It’s been almost 10 years since the SBE Certification Committee rolled out the Certified Broadcast Network Technologist level.
It has become one of the most popular certification levels — which is really no surprise to those of us on the Certification Committee who helped develop it. We saw the emergence of computer networking within broadcast facilities and sought to find a way to help broadcast engineers meet the new challenges associated with computer networking.
It was a two-pronged approach. First was the development of the certification level itself. We decided that it would be a standalone certification — an individual could make application and take the exam without holding any other SBE certification. An applicant would still need to be involved within the broadcast industry or allied fields in order to be eligible.
The second element was developed by Terry Baun, CPBE, AMD, CBNT. Terry wrote and presented a class on broadcast networking and the implementation of both computer systems and their networking.
He presented this class many times in many cities in the United States. After the class, participants had the opportunity to sit for the CBNT exam. And most were able to pass, which should not have been too surprising since Terry was one of the authors of the CBNT exam question pool.
Advanced skill set
Much of the material covered in those early days is considered rudimentary by today’s broadcast networking requirements.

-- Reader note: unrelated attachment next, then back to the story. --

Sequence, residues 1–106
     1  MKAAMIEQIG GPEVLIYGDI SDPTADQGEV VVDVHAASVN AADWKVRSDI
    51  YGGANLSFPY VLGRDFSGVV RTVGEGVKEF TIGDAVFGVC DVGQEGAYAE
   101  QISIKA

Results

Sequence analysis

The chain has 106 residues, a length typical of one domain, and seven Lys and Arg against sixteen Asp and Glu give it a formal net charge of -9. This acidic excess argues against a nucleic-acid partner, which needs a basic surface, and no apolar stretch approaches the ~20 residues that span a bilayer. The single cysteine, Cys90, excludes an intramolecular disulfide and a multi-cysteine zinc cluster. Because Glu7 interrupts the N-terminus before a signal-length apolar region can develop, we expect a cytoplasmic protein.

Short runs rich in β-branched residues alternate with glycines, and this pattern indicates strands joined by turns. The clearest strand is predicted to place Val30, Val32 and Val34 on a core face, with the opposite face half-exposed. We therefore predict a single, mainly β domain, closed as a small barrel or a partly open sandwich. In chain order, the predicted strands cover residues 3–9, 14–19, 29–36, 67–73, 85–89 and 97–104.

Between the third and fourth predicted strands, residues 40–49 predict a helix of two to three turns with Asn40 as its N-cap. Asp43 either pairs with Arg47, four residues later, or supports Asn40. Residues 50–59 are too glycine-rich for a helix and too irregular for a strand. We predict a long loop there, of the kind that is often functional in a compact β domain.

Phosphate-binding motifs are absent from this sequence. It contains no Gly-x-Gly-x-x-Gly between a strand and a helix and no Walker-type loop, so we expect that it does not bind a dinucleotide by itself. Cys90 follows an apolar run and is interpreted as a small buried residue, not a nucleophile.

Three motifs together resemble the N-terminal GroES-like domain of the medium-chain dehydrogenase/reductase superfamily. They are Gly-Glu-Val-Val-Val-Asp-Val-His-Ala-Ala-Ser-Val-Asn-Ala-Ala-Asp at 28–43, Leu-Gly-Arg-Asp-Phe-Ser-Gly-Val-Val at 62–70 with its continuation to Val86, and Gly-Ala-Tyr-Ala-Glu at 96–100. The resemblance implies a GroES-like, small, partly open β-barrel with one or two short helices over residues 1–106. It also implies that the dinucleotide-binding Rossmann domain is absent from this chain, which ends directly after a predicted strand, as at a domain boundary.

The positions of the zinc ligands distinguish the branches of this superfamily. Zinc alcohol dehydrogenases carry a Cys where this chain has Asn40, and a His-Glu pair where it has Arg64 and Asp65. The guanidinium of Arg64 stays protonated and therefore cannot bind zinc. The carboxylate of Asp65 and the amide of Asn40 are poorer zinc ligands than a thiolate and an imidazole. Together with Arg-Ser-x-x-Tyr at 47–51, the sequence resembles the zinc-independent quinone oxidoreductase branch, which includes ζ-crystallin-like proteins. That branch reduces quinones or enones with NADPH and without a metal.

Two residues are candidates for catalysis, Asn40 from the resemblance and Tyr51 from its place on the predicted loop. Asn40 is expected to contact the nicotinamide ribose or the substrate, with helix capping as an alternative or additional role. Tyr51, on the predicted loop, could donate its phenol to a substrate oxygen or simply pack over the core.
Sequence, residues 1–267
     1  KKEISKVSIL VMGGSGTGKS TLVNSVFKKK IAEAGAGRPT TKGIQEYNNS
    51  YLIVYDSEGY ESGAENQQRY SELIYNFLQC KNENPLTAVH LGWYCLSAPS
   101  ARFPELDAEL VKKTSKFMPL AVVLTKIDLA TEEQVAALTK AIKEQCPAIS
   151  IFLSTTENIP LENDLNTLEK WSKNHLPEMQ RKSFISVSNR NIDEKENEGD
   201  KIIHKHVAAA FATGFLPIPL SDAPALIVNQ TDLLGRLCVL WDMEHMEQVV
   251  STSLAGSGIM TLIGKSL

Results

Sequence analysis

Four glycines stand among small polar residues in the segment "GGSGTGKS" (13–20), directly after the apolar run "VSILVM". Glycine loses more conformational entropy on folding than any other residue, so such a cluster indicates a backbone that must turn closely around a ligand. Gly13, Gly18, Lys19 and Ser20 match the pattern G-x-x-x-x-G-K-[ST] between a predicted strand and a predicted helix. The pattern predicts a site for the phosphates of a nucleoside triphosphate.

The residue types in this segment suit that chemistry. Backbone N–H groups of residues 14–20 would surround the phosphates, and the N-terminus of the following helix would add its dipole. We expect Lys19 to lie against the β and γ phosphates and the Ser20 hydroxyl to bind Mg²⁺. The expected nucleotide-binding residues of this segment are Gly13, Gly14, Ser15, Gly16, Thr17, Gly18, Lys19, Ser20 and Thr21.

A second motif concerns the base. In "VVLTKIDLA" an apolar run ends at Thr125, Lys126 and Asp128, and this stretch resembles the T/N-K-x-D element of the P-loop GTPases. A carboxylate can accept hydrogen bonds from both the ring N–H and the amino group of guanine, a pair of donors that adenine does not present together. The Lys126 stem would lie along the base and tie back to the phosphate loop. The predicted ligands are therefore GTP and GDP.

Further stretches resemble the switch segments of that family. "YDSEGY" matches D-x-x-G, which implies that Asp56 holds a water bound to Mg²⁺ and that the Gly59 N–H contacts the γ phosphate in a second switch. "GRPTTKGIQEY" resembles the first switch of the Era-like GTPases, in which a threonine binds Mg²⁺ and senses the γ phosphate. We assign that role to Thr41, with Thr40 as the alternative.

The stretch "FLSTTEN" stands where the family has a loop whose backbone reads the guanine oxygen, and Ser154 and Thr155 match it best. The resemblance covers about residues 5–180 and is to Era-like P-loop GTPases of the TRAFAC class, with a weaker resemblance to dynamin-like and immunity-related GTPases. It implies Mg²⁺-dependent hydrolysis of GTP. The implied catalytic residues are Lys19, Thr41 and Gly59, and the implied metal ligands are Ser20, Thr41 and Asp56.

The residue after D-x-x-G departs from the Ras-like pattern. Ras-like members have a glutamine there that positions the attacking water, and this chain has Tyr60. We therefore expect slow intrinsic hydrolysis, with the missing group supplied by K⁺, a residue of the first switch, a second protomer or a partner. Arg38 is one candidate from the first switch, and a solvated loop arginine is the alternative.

As more equipment within a broadcast facility has integrated network interfaces for either control and/or media/data distribution, the networks themselves have become more complex.
The added concerns about network security for either the protection of assets or maintaining the integrity of the computer network itself have taken the skills required for a broadcast engineer to maintain such systems beyond what CBNT was intended to review.
Jim Bernier says ‘Certified Broadcast Networking Engineer’ will delve into deeper networking and IT issues such as firewalls, DNS, DHCP, VLANs, NAT, routing tables, SAN, NAS and cloud computing.
In early 2010 the SBE Certification Committee decided that a new certification level needed to be developed to meet this new challenge.
Certified Broadcast Networking Engineer is expected to be introduced for 2011. It will be equivalent to a five-year certification level, such as CBRE or CBTE. It is expected that applicants already will have the basic competencies tested with the CBNT exam.
Certified Broadcast Networking Engineer will delve into deeper networking and IT issues such as firewalls, DNS, DHCP, VLANs, NAT, routing tables, SAN, NAS, cloud computing and more, topics that are permeating the broadcast technical environment and which broadcast engineers are being required to understand.
It was decided not to offer this as a “specialist” certification level so that it could be standalone, as the current CBNT is, if the applicant so desired. Also, because we are hoping to appeal to an emerging segment of engineers within the broadcast community, the plan allows an IT professional working within broadcasting to achieve a certification level sponsored by SBE and become more deeply involved in the broadcast engineering aspects.
A test rollout of this new certification level is expected to be conducted this fall, with a full introduction shortly thereafter.
James T. Bernier Jr., CPBE, CBNT, is chairman of the SBE National Certification Committee. He is director of maintenance, design & engineering for Turner Entertainment Networks, TBS Inc., Atlanta.
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